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by Jay Seaver

"A quietly impressive bit of work."
5 stars

The Best Foreign Language Film Oscar often drives film nuts crazy. The countries' film boards don't submit the movie we consider their nation's masterpiece for the year, and then at every cut (short list, nominees, winner) we get a little more agitated, wondering how this film which we haven't heard a single decibel of buzz on makes the cut, and we can't even see it to form an opinion. At least, not until it sneaks unheralded into a boutique cinema for a week and we say, okay, maybe "Revanche" belonged there.

Revanche was Austria's submission, and after a brief glimpse at a quietly domestic scene in the country with policeman Robert (Andreas Lust) and his wife Susanne (Ursula Strauss), we're in Vienna, where ex-con Alex (Johannes Krisch) works at the Cinderella club/brothel, tidying the rooms and keeping the bar stocked. He's dating one of the more visible employees, Ukranian immigrant Tamara (Irina Potapenko). Alex isn't really a bad guy; he rides out to his grandfather Hausner's farm on his days off to cut the old man's firewood. When Cinderella's "manager" Konecny (Hanno Poschl) starts pressuring her to leave the club and into an apartment he'd rent for her, Alex decides to push their plan to move to Spain forward. That takes money, though Alex has a plan for that, one that just can't fail.

Let's stop there, because that brings us up to the point where everything changes. Writer/director Götz Spielmann doesn't so much throw a plot twist our way as allow a scene we've seen hundreds of times to play out realistically, and then track the aftermath of it. The movie slows down for this, pushing one set of subplots aside for another, but for the most part this works. One development seems kind of arbitrary and forced, but most of the rest seems natural. The second half of the movie becomes much more somber when we realize that we haven't heard from this character in a while, so maybe Alex and Tamara just aren't as important as a movie would generally make them. The pressures on the characters in the second half are internal and self-inflicted, rather than the result of outside pressure.

The cast handles that wonderfully. Johannes Krisch and Irina Potapenko have a chemistry that is passionate but private; they've each come to an understanding of what is and isn't safe in the quasi-legal world they live in. Krisch manages to infuse a little more optimism into his character despite his being worn-down by years and jail time, while Potapenko manages to communicate a pragmatic intelligence despite speaking imperfect German, if the subtitles are a proper guide. Andreas Lust and Ursula Strauss give us a couple that is a bit more strained; they're in a newly-completed house with a nursery that was completed before Susi miscarried in her third month of pregnancy, but going through the motions of their life. Lust does a fine job of playing Robert as a proud cop who feels unmanned, and Strauss gives perhaps the best in a film full of fine performances as the wife who finds a certain amount of happiness opening up to her elderly neighbor. Hannes Thanheiser has a nice bead on that old farmer, too, playing Hausner's pride and physical fragility in a believable balance, giving him enough individuality that he's always "Hausner", rather than just "the old man".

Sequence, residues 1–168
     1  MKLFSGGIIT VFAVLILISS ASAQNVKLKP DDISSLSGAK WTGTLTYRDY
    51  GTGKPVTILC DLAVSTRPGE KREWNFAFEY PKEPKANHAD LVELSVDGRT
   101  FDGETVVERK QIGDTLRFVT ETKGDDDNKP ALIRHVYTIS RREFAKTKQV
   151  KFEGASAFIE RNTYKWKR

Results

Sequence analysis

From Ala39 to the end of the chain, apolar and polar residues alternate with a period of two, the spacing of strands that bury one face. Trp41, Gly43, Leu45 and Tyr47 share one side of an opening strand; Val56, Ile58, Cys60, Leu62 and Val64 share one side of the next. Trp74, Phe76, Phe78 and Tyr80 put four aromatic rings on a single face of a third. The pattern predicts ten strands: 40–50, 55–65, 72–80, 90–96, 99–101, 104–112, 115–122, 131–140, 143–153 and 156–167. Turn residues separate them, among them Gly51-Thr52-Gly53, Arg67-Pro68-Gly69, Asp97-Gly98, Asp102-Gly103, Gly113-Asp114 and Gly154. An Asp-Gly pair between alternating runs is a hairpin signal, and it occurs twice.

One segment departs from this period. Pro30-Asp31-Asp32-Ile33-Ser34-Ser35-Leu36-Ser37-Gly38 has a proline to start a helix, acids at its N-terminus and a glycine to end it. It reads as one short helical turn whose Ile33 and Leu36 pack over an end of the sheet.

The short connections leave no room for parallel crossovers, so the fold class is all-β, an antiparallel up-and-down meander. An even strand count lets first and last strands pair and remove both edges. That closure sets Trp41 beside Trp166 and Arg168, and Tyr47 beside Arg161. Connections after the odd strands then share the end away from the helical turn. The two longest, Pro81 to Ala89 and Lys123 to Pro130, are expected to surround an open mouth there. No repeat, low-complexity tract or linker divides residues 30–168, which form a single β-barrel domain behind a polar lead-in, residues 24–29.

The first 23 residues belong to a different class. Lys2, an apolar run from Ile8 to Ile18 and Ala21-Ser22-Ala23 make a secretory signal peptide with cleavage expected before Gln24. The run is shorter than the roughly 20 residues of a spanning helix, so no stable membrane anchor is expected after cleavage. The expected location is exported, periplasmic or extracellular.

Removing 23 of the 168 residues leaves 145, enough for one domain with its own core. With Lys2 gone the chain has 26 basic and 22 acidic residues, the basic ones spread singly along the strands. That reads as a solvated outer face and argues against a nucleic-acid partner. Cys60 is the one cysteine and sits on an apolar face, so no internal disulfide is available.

As impressive as Spielmann's story and cast is, though, what impressed me the most was how he put the movie together. The lovemaking scenes of the movie's various couples establish their relationships and the tone of that section of the film, for instance, and I think it's actually a while before we learn Tamara's actual name (she's referred to as "Angel" often enough that we don't realize it's her "work name" until Alex calls her something else, cementing that he is not like the other men in her life). The pacing he and editor Karina Ressler establish is impressive; this is a two hour movie whose second half is filled with more introspection than activity that almost never seems to drag. Spielmann, Ressler, and cinematographer Marti Gschlacht also put on a clinic on how to establish the details of a location when the action of a scene may depend on that information. The photography itself is striking and put to good use; I'm a little bit in awe of a crucial shot where the play of light across a lake's surface seems to further bury something that has been thrown in.

I saw "Revanche" a bit by accident; the theater was in the direction I felt like walking that afternoon and I was actively avoiding the other film playing there. It's a thoroughly impressive film, well deserving of the bit of attention its nomination has given it here, and then some.

link directly to this review at https://www.hollywoodbitchslap.com/review.php?movie=17709&reviewer=371
originally posted: 05/05/09 15:07:05
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OFFICIAL SELECTION: 2008 Toronto International Film Festival For more in the 2008 Toronto International Film Festival series, click here.
OFFICIAL SELECTION: 2008 Chicago International Film Festival For more in the 2008 Chicago International Film Festival series, click here.
OFFICIAL SELECTION: 2009 Philadelphia Film Festival For more in the 2009 Philadelphia Film Festival series, click here.
OFFICIAL SELECTION: Traverse City Film Festival 2009 For more in the Traverse City Film Festival 2009 series, click here.

User Comments

6/13/11 Shaz Empty, phony, lurid and contrived. 3 stars
9/17/08 denny one of our festival favs; thoughtful 5 stars
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  01-May-2009 (NR)
  DVD: 16-Feb-2010


  DVD: 23-Feb-2010

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